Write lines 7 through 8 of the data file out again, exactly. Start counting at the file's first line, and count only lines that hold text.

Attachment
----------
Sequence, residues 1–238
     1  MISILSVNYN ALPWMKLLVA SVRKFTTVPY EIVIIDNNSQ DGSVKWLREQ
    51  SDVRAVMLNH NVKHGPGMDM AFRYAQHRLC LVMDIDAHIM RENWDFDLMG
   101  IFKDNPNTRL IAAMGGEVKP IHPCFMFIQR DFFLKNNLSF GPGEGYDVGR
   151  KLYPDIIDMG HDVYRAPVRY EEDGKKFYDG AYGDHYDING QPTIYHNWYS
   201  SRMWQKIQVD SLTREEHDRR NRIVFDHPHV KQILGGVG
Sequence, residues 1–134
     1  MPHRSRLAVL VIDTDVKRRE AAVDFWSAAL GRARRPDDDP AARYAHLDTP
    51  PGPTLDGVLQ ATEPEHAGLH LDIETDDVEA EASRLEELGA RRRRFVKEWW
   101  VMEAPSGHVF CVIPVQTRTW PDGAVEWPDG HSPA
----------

Sequence, residues 1–134
     1  MPHRSRLAVL VIDTDVKRRE AAVDFWSAAL GRARRPDDDP AARYAHLDTP